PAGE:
Philly's pooches are packing a paunch!

Philly folks love their pooches so much the city is starting to remind me of Paris. Everywhere you go these days, Philly folks have their adoring pooches in tow. Much like Paris, in Philly dogs are now welcome in coffee shops, markets, and even retailers like Lowes.

Admittedly, Philly hasn't gone totally Parisian style. Dogs are not yet welcome in Philly restaurants. But I'm sure that's on the horizon.

Unlike Parisian pooches though, one distinguishing characteristic about Philly pooches is their unmistakable paunches.

That's right: Many Philly pooches are just, well, overweight. Much like their human companions, the dogs are carrying too many extra pounds.

So what, you say?

According to the Association for Pet Obesity and Prevention, a whopping 54 percent of dogs in the United States are overweight or obese. Much like us, our pets are facing an obesity epidemic. Obesity among dogs is one of the most significant health problems  veterinarians see these days.

Did you know Fido can get the same diseases we get?  Like us, our overweight or obese dogs may be at increased risk of heart disease, high blood pressure, diabetes, arthritis, and kidney and liver disease.

For example, an extra five pounds on a dog that should weight 17 pounds is the equivalent of an extra 50 pounds on a person who should weigh 170 pounds.

Much like ourselves, our dogs are just consuming too many calories and getting little to no exercise. In the old days, dogs were frequently outdoors, getting plenty of exercise. Nowadays, we treat our dogs like family members; even the dog is chilling, channel surfing, and woofing down snacks.

If you suspect your dog is overweight or obese, first go to a veterinarian for a checkup and diagnosis. Don't put your dog on a diet until you get proper recommendations from a veterinarian.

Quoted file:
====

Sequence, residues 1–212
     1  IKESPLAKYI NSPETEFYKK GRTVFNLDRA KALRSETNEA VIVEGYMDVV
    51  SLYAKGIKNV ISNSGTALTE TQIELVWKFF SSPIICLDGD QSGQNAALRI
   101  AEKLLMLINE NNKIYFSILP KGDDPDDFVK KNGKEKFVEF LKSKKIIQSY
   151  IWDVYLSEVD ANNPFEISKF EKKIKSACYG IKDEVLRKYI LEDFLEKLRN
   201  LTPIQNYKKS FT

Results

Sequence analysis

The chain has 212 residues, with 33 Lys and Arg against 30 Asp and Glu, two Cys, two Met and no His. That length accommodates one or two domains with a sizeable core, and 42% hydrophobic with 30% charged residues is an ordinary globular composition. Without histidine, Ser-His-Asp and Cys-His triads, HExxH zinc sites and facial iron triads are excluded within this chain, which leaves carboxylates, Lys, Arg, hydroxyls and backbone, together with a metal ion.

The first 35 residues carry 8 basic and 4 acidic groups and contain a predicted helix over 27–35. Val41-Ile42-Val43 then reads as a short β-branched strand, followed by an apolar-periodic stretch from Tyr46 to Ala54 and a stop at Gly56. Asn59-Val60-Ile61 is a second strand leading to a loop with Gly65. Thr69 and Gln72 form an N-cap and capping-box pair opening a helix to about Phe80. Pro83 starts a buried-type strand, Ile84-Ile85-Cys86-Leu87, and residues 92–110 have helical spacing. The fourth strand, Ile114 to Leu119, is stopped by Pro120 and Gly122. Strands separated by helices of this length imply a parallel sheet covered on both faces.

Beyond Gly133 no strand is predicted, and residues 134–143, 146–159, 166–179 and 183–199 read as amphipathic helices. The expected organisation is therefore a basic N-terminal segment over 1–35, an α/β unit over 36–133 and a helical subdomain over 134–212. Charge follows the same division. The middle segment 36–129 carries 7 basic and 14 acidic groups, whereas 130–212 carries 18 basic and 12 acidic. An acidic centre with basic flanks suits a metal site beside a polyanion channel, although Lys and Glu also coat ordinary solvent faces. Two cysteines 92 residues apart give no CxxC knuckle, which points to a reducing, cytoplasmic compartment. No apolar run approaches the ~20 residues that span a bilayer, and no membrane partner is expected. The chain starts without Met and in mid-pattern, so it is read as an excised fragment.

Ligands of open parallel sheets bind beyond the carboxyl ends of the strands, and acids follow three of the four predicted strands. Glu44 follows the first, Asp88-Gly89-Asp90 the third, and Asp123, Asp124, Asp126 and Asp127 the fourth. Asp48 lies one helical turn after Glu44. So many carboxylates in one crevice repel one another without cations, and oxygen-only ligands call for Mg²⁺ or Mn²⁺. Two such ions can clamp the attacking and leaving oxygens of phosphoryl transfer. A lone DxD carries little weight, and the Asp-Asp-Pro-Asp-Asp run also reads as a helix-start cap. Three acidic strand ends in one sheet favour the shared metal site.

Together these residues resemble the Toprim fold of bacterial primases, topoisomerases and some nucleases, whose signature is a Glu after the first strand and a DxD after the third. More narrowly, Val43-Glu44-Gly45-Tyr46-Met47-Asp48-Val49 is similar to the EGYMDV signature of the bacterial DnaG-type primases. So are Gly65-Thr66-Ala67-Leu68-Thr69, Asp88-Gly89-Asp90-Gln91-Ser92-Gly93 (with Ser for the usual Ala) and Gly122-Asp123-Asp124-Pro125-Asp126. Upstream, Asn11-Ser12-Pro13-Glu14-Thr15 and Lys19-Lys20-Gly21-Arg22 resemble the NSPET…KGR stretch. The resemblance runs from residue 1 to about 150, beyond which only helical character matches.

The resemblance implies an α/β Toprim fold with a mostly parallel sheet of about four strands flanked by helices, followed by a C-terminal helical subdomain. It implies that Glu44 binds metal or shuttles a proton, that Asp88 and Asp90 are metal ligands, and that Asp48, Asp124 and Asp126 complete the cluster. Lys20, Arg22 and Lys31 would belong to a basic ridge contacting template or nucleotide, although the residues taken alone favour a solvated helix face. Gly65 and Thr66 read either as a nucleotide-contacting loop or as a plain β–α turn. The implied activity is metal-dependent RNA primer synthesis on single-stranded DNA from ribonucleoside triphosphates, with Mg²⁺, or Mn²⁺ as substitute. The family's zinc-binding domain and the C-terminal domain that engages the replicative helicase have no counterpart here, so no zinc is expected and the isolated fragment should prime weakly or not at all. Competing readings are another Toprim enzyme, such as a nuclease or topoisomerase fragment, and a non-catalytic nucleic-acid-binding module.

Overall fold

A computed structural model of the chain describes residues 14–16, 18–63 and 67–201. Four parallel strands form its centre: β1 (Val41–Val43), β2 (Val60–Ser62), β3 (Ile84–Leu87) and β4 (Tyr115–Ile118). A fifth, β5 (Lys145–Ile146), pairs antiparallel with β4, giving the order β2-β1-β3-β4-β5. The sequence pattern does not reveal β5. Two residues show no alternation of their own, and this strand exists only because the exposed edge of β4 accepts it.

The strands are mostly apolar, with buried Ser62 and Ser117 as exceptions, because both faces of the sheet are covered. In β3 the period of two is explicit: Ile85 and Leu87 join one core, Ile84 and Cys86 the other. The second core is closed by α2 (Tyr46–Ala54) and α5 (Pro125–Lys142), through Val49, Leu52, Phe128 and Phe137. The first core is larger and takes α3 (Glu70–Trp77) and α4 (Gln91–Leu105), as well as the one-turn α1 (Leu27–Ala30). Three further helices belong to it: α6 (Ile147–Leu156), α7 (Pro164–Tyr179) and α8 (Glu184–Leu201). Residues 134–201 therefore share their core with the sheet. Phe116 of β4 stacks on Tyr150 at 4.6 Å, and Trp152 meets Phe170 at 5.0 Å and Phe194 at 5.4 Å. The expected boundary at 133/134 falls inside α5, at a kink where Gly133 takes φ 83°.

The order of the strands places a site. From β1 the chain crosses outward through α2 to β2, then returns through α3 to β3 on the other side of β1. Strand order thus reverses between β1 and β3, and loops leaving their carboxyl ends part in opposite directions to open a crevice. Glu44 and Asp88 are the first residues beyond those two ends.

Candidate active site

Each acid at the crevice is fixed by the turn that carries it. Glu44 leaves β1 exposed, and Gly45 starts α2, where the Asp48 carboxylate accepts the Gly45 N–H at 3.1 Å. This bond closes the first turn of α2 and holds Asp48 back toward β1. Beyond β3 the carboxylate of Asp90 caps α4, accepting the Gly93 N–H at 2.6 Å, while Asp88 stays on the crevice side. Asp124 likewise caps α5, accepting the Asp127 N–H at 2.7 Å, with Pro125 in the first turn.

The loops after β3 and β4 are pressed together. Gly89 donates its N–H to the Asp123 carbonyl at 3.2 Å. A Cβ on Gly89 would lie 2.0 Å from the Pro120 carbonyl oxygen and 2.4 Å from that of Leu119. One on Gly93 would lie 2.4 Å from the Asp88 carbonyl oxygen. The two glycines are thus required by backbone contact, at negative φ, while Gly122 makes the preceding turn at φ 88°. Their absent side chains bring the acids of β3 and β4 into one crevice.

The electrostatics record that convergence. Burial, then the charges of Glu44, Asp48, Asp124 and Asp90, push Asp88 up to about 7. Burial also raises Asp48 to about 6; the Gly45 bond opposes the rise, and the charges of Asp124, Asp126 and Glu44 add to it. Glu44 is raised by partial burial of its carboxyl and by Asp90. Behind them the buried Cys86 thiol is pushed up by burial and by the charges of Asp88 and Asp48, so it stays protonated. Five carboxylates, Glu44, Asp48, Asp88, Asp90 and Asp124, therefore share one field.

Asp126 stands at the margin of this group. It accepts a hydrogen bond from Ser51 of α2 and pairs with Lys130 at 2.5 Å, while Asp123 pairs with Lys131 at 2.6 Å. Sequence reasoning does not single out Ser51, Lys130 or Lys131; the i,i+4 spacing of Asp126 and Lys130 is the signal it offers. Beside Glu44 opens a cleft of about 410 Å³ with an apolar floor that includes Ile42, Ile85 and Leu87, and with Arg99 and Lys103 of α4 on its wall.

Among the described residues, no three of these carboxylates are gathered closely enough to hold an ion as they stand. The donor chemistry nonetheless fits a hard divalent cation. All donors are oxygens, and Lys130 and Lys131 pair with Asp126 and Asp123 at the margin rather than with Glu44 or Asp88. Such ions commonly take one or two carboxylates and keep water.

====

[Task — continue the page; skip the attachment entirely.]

Is your dog potentially at risk?  Here's a quick checklist to see:

  • If you can't feel your dog's ribs, then Houston, there's a problem. Get to the veterinarian!  The veterinarian will do an assessment and determine whether your pet is overweight (10 percent over ideal) or obese (20 percent over ideal).
  • Ask yourself how much daily exercise your dog is getting (and you, too!).
  • Is anyone else (say, maybe the children?) sneaking extra snacks to the dog?
  • Are you serving your dog more than the recommended serving size? (By the way, what about you? Are you eating the recommended serving size?)

Reward your pet without food:

  • I know it sounds impossible, but you can actually reward your pet without food. Our dogs are social creatures, and they require plenty of love and affection. More than anything, your dog wants your love. So don't substitute your affection with food. Go ahead and give your pooch some extra TLC. You'll also lower your blood pressure in the process.
  • How about a new toy? Dogs like new toys, just like we do.
  • Dogs love running (and walking). Go on, get that Frisbee out and enjoy more of the great outdoors with man's best friend.  Your dog will love it, and so will you.

But hey, don't take my word for it — ask your veterinarian about the consequences of being overweight and obesity on your dog's health.

Dogs demand a lot of love, time, patience, responsibility, and commitment. Be sure to get your dog to the vet regularly for checkups and shots. It's also important that your dog receive regular and proper grooming.

Be good to yourself and your dog by ensuring a healthier life with daily exercise and good nutrition for you both.